Todd Rundgren's Utopia
April 25th | Broward Center | Tickets
SFL Music: We are really excited about this upcoming Utopia tour. You got to be excited about this tour after a 32-year sabbatical.
Todd Rundgren: Well, excited and challenged. It’s a lot of musical territory to recover. Doing everything from the first to the last record. We’re sure that we’ve given ourselves enough time to develop some new mastery with it, but not having done it in such a long time yeah, there’s a bit of apprehension.
SFL Music: Those seven albums are such a diverse, they span such a wide musical variety, it’s got to be a challenge but such wonderful material. And that also leads to another question I have a video that I watched of you, you said you had it down to a list of songs, that’s got to be another challenge just to not only come up with fan favorites but maybe a personal favorite of members of the band?
Todd: Yes, well we have, we can say we have personal favorites, but we haven’t played them in such a long time, you know, there’s a requirement that we also be able to give the proper treatment that they deserve. It was culling the list was a combination of things that we knew that we would have to play, things that we would like to play and things that we might be expected to play, there are things that if we didn’t play than we would certainly get away with it but there would be a lot of questions, why didn’t you do this and why didn’t you do that, more so than we would probably would be expecting otherwise.
SFL Music: Does that lead to possibly varying, having a base set list and then doing some variance night after night?
Todd: Well, it’s not necessarily out of the realm of possibility but we’ve got a pretty big theatrical presentation that goes with it and modifying that does take a lot of elements in there you got lights set that are composed of lights and video that are composed particularly for certain songs. And it’s usually easier for the crew if the set doesn’t change that much. To say that we wouldn’t ever do that but right now we’re trying to cover our chops from such a long time ago, that’s the principal concern. With the Utopia theme and communion with a song are big epic things that we have to play properly once in a while a certain song might work better than another song and we can make a substitution.
SFL Music: Well, I was fortunate enough that, I was going to Florida State and you came through there according to the internet it was April 24 of 1977 and played Doak Campbell stadium and I remember the concert vividly because you had the whole pyramid stage set. It was one of the most amazing shows that I had seen to that time because of the stage set, lighting, the effects and of course the music, so I can only imagine that this tour will probably incorporate some of that with modern technology.
Todd: Yeah well the pyramid will make an appearance but probably in video form since we’re not concentrating specifically on that show, it blends to much of a overbearing theme to the stuff that doesn’t really have anything to do with that concept so it will be a lot of sorta more common imagery like the pyramid, like certain album cover images and stuff like that, that we are going to have available on our projection screens. Video is a significant part of it and so we will change the environment using video rather than try to put up that whole pyramid thing, it takes a day to put up.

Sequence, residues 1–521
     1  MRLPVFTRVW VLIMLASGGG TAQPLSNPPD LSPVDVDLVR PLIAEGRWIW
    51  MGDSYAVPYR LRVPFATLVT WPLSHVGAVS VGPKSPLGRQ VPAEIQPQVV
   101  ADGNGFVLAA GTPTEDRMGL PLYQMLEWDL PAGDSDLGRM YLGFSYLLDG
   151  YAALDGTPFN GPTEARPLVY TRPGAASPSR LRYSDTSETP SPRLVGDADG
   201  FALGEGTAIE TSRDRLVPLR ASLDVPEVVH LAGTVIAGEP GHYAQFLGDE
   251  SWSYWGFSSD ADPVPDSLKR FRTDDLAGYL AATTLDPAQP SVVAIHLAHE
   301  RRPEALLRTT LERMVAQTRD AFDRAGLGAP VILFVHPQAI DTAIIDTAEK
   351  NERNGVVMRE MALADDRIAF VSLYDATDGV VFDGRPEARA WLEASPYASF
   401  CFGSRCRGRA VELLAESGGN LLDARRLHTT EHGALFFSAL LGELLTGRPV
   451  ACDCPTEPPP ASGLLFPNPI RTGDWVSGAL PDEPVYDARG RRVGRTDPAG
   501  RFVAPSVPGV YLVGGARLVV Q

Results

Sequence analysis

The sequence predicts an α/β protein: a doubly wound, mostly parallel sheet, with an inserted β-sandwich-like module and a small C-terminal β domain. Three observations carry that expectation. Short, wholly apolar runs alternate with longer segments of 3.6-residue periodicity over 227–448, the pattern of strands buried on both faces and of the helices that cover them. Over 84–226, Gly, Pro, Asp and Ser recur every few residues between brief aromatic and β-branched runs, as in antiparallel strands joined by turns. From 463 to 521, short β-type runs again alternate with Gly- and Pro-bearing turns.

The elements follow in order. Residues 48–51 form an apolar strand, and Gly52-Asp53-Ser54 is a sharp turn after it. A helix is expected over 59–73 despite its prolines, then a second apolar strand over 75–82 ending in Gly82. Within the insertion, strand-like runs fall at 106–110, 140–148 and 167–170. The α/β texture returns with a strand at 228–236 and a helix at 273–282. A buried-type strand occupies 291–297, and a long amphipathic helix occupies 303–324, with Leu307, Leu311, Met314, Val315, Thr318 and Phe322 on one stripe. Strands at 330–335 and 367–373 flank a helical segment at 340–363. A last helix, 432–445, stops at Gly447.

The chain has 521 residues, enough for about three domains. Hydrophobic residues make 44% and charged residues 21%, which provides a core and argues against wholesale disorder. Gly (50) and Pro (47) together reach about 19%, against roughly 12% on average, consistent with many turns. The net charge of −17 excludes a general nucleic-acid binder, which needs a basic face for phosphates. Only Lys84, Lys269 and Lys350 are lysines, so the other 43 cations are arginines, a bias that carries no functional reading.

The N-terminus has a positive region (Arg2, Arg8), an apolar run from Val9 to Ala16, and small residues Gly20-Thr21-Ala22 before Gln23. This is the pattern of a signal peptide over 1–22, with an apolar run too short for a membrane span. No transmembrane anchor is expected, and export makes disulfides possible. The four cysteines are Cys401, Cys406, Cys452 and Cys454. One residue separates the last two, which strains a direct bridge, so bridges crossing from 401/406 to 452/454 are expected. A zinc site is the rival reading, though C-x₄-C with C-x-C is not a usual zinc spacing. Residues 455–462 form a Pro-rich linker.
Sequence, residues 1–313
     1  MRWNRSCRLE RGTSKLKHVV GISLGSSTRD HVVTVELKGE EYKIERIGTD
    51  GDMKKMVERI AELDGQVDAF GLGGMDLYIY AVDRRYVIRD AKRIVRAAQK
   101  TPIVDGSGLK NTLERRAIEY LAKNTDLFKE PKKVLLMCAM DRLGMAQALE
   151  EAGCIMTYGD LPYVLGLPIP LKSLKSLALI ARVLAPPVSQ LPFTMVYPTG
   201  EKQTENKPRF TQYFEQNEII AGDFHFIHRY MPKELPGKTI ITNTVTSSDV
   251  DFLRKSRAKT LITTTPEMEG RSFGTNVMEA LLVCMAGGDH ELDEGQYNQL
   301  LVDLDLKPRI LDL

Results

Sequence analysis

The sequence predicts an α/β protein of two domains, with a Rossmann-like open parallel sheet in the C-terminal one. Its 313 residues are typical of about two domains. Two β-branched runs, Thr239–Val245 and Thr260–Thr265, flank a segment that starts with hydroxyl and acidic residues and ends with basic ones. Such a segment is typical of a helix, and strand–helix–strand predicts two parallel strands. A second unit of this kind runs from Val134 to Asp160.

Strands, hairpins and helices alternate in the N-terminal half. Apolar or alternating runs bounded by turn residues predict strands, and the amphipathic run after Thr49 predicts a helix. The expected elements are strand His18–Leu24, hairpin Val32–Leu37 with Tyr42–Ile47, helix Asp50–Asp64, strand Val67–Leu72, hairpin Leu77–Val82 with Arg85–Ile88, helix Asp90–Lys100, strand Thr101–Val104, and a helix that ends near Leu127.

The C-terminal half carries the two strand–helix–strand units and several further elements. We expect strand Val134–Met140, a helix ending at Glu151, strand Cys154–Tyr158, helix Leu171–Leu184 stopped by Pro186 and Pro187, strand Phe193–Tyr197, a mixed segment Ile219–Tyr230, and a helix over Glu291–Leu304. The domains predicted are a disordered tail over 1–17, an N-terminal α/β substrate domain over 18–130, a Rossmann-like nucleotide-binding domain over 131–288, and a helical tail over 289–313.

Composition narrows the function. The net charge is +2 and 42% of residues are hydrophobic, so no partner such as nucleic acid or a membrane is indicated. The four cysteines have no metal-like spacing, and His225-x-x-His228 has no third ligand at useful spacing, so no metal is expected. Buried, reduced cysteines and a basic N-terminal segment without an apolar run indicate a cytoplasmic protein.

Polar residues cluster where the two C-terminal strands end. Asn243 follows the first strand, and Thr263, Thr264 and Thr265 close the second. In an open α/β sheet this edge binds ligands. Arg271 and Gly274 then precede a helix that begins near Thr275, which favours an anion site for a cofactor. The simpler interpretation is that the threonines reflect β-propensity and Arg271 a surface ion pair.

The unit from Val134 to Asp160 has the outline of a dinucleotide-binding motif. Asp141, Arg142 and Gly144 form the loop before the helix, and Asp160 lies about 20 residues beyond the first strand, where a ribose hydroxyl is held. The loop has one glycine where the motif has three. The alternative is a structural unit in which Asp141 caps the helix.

SFL Music: And you probably don’t have much of a desire to fly up and play from the top of that thing, do you?
Todd: Well when I was doing that back then I didn’t have children to worry about. Nowadays I’m a little bit more self-conscious about you know that fact that I’m still to some degree the bread winner.
SFL Music: After that initial announcement you guys made that Ralph Schuckett was going to be with you all I was sorry to hear that he is unable to tour are you guys getting any closer to finding someone to replace him, if he could be replaced.
Todd: We have replaced him. We actually did it fairly quickly because our rehearsals start in less than two weeks and then soon after we are out on the roads. Rather than being in every nook and cranny looking for a player so we kinda made it an open audition and within about 24 hours we had hundreds of submissions more than we could go through, but fortunately within that we managed to locate somebody that knew the whole range of what we are playing and he is a strong singer and good performer and hopefully we’ll bring a certain amount of new electricity to the whole thing.
SFL Music: Awesome, so is there any breaking news you would like to share on that with our readers or you going to have a release soon?
Todd: It’s not a secret Gill Assayas is his name and you can google him he has lots of examples on YouTube and stuff like that of his playing.
SFL Music: That’s awesome. Where you guys doing your rehearsals, near Philly?
Todd: Actually, in upstate New York. Our first gig is Jim Thorp, PA. which is actually up on a mountain top somewhere and we’ve got another gig in Englewood, New Jersey. Those are kind of our warm up dates. Then the tour officially starts in Houston, we fly down to Texas do Houston, Dallas and then over to Florida then we start moving north.
SFL Music: Ya you’re like the fifth date from what I saw online. At the Broward Center down here in Fort Lauderdale, that’s the one in our area. The first date in Philly, that’s kinda a warm up date? That’s gotta hold something special for you since that’s your old home town?